High-yielding chickpea and finger millet varieties with yield potential of up to 3 tons per hectare had their first-ever official release in Malawi. The release aligns well with the government’s crop diversification agenda for food and income security and the funding agency Irish Aid’s goal of increasing the resilience of poor households to economic, social and environmental shocks.
The three chickpea and three finger millet varieties are the culmination of five years of on-station and on-farm evaluations for adaptability, yield, nutrition, climate resilience and utilization facilitated by the Malawi Seed Industry Development Project (MSIDP). These varieties bred by the ICRISAT breeding program in Kenya were tested for adaptability in Malawi.
Smallholder farmers who have been growing low-yielding landrace varieties for food and income have welcomed the new varieties that have the potential to invigorate chickpea and finger millet production in Malawi, said Dr Patrick Okori, ICRISAT Country Representative for Malawi. The farmer participatory research process, including food testing trials, have seen farming communities expressing interest in the new finger millet varieties as they are popular in traditional recipes such as sweet beer and porridge. The varieties will strengthen the community complementary feeding and learning programs being implemented by the nutrition program of the MSIDP. Similarly, chickpea remains key in the diets of many rural households in southern Malawi, where it is also an income-generating crop, owing to the increasing market demand, regionally.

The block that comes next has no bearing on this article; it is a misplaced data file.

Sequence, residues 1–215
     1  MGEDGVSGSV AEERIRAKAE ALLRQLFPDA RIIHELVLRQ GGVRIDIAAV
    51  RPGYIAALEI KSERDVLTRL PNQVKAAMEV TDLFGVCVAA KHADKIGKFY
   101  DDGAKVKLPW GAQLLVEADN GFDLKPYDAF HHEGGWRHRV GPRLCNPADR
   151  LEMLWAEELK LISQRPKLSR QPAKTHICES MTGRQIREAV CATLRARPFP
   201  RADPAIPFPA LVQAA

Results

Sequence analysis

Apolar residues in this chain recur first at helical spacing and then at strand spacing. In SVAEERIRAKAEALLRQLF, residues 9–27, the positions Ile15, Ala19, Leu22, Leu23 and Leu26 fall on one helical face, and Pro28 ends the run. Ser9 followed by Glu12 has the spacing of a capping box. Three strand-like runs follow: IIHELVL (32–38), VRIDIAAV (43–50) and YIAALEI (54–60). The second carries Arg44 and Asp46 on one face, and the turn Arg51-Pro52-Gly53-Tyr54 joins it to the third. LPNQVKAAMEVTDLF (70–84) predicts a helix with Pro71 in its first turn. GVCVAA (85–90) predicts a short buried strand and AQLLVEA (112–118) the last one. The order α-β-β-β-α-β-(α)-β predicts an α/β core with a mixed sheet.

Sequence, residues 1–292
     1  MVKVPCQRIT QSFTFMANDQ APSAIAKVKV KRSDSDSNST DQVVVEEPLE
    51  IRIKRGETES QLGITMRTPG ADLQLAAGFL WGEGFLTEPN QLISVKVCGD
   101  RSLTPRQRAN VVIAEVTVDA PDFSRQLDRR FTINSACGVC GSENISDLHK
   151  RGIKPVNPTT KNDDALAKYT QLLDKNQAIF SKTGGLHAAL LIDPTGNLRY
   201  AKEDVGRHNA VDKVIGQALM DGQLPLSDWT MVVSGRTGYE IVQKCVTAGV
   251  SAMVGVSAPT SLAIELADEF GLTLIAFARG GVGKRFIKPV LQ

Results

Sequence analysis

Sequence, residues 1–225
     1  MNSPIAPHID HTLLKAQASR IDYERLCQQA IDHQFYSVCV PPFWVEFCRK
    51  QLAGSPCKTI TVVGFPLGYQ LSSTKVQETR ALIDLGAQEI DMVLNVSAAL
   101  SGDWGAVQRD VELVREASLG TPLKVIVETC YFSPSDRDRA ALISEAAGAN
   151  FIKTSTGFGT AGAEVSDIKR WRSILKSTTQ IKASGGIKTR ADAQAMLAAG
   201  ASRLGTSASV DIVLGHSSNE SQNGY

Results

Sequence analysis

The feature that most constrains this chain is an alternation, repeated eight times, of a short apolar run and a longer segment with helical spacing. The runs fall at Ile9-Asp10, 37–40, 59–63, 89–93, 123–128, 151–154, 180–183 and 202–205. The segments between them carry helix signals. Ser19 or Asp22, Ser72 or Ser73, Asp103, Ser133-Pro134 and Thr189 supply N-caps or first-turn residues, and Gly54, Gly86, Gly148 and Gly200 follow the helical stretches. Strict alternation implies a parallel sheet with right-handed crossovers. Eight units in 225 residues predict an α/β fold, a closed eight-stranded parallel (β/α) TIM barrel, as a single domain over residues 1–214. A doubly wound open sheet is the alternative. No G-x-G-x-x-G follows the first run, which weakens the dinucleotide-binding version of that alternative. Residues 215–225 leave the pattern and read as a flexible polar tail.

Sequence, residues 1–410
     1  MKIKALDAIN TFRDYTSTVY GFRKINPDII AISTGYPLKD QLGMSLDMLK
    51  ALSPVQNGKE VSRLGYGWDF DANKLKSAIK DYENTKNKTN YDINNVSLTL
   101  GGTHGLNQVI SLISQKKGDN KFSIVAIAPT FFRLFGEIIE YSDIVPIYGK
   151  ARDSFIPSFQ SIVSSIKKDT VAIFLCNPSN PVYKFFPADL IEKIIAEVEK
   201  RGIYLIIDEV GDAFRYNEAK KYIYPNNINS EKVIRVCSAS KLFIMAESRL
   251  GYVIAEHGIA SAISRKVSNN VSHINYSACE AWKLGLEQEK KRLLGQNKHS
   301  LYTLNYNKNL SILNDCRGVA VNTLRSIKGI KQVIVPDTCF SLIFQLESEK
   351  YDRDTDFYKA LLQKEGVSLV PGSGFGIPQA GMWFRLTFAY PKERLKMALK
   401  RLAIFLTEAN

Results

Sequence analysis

The MSIDP project aims to strengthen legume and cereal seed systems and their complementary agricultural innovations, in order to improve productivity and consequently food, nutrition and income security of smallholder farmers.
The Department of Agricultural Research Services in partnership with ICRISAT has released the three chickpea (ICCVs 96329, 97105 and 97114) and three finger millet (ACC#14FMB/01WK, KNE#688 and P224) varieties, following clearance by the Agricultural Technology Clearing Committee, of the Ministry of Agriculture, Malawi.
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Project: Malawi Seed Industry Development Project (Phase II)
Funder: Irish Aid
Partners: The Department of Agricultural Research Services (DARS) and the Department of Agricultural Extension Services (DAES) (both under the Ministry of Agriculture in Malawi), The Legumes Development Trust; International Center for Tropical Agriculture (CIAT) and ICRISAT
CRP: Grain Legumes and Dryland Cereals
This work contributes to UN Sustainable Development Goal.